The first question must now be "who is your target customer?" Yes, I know you have asked this before, but the answer may now be changing as new global markets open up for you through the internet. So do your customers differ by geography? Do they differ by culture? Do they differ by how they want to interact or by what they are looking for? And the list of questions goes on. The answer is clearly a driver for a comprehensive digital strategy.

But, in your innovation and use of these technologies and techniques, don’t stop at the customer facing activities. This is a critical consideration and a major point in this column. Look inside your business operation (the old back room activity). Ask yourself if there is there a chance for fundamental changes based on this new technology or through social media?

Before you say no, think about the work and what is required. For example, let’s look at the social media based "app" architecture. The digital media apps drive socialization of capabilities in today’s world. They are small and they are inexpensive to build. They are also limited in what they each do.

But, so what?

If I break a process into activities and then tasks, I can look at IT support very differently. I can essentially break the big million lines of code legacy applications with their overhead into functionally independent "apps" that each do one function and pass data to someplace we tell it to.

This supports a different app architecture and a very different approach – apps become small service modules that can be strung together to move work incrementally though a process’ steps until the final service or product are delivered. This reduces the need for large legacy type applications. Because many to most of these small apps can be generated by a BPMS, this approach delivers an ability to deliver rapid change.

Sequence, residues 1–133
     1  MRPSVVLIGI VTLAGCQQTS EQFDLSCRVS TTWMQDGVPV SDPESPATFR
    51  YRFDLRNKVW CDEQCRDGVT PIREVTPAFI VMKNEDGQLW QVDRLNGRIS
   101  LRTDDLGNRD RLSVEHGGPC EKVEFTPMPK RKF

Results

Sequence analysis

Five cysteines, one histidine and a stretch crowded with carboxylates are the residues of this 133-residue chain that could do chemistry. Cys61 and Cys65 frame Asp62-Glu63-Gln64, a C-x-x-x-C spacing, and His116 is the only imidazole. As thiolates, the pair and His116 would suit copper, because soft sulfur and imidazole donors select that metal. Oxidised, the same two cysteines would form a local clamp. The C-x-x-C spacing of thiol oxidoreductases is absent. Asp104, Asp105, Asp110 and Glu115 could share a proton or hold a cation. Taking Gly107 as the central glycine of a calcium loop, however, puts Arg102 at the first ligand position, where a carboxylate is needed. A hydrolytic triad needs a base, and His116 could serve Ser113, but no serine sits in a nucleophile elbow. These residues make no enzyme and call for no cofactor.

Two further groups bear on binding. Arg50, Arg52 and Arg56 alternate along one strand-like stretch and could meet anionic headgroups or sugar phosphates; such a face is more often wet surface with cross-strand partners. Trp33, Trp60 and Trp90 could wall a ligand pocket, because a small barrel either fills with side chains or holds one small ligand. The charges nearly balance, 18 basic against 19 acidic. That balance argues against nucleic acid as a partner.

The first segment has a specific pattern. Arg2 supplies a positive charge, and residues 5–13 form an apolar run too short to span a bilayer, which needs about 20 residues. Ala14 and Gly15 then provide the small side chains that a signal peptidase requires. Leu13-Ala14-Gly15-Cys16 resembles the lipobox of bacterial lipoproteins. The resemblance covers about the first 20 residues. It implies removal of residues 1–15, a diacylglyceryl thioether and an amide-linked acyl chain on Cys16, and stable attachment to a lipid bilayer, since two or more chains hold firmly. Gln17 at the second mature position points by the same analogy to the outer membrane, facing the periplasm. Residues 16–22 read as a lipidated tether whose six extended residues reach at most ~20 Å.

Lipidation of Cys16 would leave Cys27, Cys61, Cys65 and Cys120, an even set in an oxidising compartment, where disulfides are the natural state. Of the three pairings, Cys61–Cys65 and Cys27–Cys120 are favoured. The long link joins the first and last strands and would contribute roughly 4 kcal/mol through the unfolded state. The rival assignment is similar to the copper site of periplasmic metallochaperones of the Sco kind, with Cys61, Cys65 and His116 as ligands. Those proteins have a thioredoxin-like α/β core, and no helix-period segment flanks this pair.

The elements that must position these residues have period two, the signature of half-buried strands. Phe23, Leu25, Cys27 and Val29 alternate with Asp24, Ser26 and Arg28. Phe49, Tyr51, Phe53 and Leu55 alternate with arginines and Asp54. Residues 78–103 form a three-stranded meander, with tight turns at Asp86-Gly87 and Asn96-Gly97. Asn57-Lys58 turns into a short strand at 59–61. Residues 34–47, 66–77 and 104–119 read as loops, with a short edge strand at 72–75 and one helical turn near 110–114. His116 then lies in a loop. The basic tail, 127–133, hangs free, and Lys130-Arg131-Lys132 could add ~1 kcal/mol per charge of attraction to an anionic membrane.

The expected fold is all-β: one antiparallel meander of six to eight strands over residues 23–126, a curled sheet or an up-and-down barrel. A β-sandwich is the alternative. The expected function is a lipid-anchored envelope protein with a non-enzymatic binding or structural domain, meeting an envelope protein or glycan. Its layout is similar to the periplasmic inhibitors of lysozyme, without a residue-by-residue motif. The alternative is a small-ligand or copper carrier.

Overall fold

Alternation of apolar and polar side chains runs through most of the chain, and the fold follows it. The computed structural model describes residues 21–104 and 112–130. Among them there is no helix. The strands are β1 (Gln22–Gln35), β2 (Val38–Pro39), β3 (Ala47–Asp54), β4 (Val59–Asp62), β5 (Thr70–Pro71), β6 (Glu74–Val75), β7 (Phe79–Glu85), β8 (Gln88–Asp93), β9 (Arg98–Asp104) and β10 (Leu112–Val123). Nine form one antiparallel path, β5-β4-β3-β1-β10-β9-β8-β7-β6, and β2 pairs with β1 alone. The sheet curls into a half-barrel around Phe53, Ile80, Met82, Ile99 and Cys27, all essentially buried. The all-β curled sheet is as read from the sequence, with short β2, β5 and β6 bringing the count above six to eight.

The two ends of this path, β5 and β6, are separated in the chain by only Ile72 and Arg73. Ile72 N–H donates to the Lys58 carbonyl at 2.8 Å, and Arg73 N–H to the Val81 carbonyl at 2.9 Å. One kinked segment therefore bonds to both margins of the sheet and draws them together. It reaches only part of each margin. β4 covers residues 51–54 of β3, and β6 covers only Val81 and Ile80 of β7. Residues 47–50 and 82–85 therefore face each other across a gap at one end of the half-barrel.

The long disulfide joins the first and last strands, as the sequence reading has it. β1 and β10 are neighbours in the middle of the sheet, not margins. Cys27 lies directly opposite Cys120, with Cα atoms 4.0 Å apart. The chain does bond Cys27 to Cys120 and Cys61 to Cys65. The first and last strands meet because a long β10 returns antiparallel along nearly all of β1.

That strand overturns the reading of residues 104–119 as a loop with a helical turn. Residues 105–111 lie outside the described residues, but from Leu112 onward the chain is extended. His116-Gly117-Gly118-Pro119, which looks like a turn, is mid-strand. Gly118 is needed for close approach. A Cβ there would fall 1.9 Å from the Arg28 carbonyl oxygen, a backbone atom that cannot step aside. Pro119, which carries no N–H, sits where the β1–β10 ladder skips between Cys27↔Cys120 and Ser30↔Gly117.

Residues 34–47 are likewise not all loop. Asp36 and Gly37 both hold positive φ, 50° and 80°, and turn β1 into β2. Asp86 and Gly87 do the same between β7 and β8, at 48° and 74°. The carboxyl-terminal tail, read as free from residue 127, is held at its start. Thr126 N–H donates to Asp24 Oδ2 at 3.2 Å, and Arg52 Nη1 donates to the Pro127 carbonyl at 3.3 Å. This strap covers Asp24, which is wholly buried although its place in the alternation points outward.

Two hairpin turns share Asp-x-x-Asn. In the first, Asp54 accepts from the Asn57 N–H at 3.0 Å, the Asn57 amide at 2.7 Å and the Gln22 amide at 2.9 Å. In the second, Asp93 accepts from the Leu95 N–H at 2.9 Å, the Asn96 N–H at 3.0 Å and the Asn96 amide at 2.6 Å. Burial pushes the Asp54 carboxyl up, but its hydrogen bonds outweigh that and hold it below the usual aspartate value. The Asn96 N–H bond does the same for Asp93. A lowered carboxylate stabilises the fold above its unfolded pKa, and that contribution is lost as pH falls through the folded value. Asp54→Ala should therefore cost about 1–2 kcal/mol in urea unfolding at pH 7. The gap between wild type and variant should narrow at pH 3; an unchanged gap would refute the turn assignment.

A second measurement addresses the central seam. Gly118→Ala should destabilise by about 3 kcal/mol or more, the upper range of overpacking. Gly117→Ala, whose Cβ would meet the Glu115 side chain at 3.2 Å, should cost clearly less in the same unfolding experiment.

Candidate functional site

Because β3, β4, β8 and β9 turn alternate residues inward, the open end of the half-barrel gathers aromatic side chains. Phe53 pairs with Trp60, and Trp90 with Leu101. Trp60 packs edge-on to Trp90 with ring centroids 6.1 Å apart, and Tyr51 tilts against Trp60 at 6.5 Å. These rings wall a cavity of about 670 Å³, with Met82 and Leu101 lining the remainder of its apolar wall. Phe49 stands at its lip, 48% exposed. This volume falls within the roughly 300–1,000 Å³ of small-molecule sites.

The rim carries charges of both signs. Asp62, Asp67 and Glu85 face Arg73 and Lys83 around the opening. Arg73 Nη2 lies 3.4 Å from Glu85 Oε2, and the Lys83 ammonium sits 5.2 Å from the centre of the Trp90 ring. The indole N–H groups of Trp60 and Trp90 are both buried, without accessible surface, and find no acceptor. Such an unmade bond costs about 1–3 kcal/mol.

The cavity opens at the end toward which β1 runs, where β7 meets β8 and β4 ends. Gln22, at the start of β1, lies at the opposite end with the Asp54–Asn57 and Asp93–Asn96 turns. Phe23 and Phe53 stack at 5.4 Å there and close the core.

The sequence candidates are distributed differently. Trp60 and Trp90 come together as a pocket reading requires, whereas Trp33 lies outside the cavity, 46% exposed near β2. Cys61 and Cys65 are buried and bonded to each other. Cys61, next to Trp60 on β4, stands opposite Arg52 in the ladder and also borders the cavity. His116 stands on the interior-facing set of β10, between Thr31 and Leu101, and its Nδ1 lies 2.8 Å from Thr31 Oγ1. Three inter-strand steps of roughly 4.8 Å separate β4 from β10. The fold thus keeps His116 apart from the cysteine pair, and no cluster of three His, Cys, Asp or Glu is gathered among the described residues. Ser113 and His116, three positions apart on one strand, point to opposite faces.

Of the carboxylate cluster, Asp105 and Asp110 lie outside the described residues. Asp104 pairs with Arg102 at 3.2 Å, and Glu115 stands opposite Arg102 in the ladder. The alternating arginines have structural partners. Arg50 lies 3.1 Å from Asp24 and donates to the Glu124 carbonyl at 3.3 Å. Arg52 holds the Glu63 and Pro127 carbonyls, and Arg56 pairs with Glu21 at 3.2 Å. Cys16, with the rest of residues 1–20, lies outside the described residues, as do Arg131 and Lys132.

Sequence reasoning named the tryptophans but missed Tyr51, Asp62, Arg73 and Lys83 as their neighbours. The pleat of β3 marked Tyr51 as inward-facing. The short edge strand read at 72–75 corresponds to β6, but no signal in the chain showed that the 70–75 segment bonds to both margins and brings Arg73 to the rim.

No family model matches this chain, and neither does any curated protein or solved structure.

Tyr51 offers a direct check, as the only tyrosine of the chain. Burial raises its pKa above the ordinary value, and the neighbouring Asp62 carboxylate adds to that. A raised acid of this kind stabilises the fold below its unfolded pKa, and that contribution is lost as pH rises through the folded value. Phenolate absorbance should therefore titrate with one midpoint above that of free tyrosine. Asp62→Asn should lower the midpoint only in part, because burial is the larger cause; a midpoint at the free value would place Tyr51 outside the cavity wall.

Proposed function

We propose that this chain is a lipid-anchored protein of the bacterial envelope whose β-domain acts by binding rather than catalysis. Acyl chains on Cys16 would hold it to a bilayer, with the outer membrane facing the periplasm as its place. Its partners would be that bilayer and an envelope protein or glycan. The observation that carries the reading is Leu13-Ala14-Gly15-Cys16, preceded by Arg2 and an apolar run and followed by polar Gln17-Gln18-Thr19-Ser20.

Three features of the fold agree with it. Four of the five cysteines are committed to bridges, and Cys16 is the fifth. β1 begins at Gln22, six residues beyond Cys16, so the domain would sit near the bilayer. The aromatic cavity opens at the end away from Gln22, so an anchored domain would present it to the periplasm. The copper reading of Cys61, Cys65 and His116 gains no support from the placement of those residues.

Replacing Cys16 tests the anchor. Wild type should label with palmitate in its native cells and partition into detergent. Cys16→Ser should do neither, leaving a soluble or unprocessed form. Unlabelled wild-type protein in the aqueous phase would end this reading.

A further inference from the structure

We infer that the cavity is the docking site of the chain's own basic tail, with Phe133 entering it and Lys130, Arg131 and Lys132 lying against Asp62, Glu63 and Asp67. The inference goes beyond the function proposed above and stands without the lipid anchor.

The people simply do what they need to do and call the next app. So the process design involves single steps in an integrated process that execute one or a series of small apps that support what the business user wants to do.

I am not suggesting that the large high volume transaction applications should be replaced. They shouldn’t, but there is a whole layer of activity that is close to the customer and that make the customer’s interaction with the company easier. There are also no bounds on the way we can apply this and other digital technology and techniques to rethink the way we do work and the way the company is organize.

The implications are staggering – no limits as long as the rules governing activity complies with law. This means there is a new opportunity to redefine the concept of best practices.

I hope this discussion gets you thinking. I hope it starts you to look at how emerging technology and social change in the world can be leveraged – how can it make a difference in your business and the way it works? Next month, we will continue this discussion and look at creativity in using mobile technology, social media, and BPM.

Please let me know what you think.